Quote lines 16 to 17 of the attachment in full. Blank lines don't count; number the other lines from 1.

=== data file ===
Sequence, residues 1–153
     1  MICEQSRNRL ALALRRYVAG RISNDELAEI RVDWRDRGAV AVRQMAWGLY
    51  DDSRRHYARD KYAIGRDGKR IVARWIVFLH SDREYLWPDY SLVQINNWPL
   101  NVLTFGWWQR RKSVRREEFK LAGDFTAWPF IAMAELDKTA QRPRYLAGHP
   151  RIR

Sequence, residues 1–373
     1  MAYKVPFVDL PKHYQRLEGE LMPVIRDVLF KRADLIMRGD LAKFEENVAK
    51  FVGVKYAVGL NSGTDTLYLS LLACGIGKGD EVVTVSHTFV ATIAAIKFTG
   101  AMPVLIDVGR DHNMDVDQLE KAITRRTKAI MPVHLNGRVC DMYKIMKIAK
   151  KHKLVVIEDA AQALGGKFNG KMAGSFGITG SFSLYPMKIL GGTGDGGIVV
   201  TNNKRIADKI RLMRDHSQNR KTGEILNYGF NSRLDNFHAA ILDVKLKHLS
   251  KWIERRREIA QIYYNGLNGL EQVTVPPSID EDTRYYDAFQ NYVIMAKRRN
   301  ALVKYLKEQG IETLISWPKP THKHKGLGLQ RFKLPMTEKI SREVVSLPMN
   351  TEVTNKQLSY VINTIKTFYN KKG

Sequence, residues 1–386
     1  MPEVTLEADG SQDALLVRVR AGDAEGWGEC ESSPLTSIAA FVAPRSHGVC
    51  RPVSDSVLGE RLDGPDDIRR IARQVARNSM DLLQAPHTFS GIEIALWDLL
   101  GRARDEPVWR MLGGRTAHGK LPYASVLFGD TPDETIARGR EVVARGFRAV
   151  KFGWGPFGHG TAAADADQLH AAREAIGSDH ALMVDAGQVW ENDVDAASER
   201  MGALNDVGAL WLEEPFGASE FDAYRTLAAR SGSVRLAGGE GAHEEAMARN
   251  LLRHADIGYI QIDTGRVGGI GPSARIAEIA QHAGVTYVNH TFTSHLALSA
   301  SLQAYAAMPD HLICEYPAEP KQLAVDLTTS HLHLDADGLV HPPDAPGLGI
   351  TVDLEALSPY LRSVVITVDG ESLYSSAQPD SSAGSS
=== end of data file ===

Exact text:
     1  MPEVTLEADG SQDALLVRVR AGDAEGWGEC ESSPLTSIAA FVAPRSHGVC
    51  RPVSDSVLGE RLDGPDDIRR IARQVARNSM DLLQAPHTFS GIEIALWDLL